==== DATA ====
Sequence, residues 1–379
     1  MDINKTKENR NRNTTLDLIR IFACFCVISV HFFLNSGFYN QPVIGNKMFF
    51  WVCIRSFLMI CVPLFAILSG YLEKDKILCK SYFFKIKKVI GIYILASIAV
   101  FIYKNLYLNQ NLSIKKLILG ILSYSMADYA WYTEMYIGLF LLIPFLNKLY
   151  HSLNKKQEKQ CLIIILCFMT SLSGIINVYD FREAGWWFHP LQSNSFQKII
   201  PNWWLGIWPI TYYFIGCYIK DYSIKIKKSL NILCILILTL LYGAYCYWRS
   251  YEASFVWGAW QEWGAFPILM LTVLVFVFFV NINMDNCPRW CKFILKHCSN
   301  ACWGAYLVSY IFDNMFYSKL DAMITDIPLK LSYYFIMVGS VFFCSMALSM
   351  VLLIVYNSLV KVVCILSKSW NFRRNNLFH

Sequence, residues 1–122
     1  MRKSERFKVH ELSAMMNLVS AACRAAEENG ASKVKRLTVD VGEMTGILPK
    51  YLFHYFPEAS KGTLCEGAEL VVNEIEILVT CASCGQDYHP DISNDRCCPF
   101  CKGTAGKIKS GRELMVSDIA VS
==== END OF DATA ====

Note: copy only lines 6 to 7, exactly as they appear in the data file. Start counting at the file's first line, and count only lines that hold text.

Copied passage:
   201  PNWWLGIWPI TYYFIGCYIK DYSIKIKKSL NILCILILTL LYGAYCYWRS
   251  YEASFVWGAW QEWGAFPILM LTVLVFVFFV NINMDNCPRW CKFILKHCSN